6. I can relate. No church has ever felt as much like “home” as the one we attended all the years I was growing up. I still remember friends and faces from that church. I remember celebrations and special masses, weddings, baptisms…

    I’m sort of church-homeless these days. My old church is not far away, but it’s been remodeled since I went there. The people are different. And the diocese is closing it. 😦

    • I know what you mean, Terri, for no church has ever felt as home as that first one did. I’m church-homeless, too, and I’m admittedly a little afraid to venture out on my own again. It’s overwhelming to be overwhelmed … I want to slip in, check it out, try it on for size and then let me tell them that I want to be embraced, not the alternative. ~sigh!

      I’m sorry yours is closing .. I hope you’ll find a new home, too.

  7. I remember singing this at church. We often pass over the old hymns and songs and go for the more modern ones, yet it these staples that speak to our hearts. Thanks for sharing.

    • Yep, we sang all the classics like “What a friend we have in Jesus” but it was these toe-tapping snappy ones that I preferred. 🙂 MJ

  8. Oh, yes, my childhood church lives within me. When I read your comment about the smell of the hymnals, it made me smile
    This was always one of my favorite hymns to play on the piano….
    Thanks for bringing those memories to the forefront today, MJ!

    • Me too, Dianna! I still love to play those old gospel songs, especially the uptempo ones. 🙂 I play by ear and when I sit down at my keyboard, it’s those old thyme songs that always bubble up first.

      • I could never play a single note by ear, but always wanted to!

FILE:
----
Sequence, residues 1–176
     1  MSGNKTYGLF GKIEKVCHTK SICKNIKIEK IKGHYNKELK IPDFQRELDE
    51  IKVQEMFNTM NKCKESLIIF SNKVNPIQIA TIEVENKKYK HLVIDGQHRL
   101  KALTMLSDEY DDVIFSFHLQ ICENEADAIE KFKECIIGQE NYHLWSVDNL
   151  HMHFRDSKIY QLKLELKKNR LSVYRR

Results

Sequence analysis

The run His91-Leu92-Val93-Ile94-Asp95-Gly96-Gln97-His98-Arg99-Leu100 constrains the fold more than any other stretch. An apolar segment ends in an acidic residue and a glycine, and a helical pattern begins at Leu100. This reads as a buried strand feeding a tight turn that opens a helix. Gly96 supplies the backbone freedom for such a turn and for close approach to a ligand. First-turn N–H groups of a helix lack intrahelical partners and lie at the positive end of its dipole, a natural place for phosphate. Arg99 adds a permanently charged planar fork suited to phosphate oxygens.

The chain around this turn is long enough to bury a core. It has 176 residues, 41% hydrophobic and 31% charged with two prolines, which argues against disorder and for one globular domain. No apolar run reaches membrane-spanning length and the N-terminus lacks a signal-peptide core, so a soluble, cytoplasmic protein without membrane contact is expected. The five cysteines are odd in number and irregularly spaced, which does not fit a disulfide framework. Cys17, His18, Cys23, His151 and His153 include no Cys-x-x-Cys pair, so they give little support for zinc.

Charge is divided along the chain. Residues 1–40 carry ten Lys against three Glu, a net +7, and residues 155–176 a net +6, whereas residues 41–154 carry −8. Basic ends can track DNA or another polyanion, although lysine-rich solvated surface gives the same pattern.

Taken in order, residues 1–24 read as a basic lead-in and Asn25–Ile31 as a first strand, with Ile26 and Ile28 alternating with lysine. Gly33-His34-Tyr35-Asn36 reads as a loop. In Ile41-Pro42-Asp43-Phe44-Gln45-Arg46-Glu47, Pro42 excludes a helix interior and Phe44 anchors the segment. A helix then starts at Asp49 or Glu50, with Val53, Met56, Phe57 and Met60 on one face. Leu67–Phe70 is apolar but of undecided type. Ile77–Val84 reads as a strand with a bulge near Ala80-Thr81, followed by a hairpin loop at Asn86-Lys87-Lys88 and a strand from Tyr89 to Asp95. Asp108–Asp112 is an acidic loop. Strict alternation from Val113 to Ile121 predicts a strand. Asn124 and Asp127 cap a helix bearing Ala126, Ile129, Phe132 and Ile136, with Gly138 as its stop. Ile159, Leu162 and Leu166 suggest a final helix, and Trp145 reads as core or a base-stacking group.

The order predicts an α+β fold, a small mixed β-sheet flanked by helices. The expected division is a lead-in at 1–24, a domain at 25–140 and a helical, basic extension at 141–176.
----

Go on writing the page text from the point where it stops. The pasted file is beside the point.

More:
• It’s a blessing in a curse – I can pick out the melody of any song but if you put the notes in front of me, I can only find middle C. That’s what I get for bluffing my way through 6 years of lessons … 🙂

  9. That’s a long time to “bluff”! Happy Monday!

    • At one point, I could read the notes. Then I figured out I didn’t need to … soon, lessons were “goof off” sessions. 🙂 MJ

  10. Love the Statler Bros! Great song, too. Yes, there’s a church from my childhood that holds lots of memories, all those of which you mentioned. I certainly remember sitting in those pews as if it were yesterday. There was a little brass nameplate on the end of each one, too, in memory or honor of someone.

  11. Truly if tomorrow I were to walk in the large wooden doors it would feel incredibly “Holy” and would take me back to the days of my youth…I loved the feeling of “Him” that was always there. Being on my knees…reciting
    prayers and singing the hymns…the smells of church…the candles…the hymnals…the older ladies perfume and Sunday best…it was the tradition…and celebration of HIs life:) Thank you MJ for taking me back to good memories:)

  12. Wow, this is beautiful. Even if I’m from a different generation, I can relate. My favorite part? The smells you describe – they instantly took me back to my childhood church. Thanks for bringing up some great memories 🙂

    • I’m glad you found a piece of your childhood in here, too. The church was central to our community; it make me sad that our little prairie church had to close. Now all the elderly parishioners carpool to the next town, about 15 miles away. There they have a church home, but it’s just not the same as our original one.

      Welcome to my neighborhood, Mrs. Weber 🙂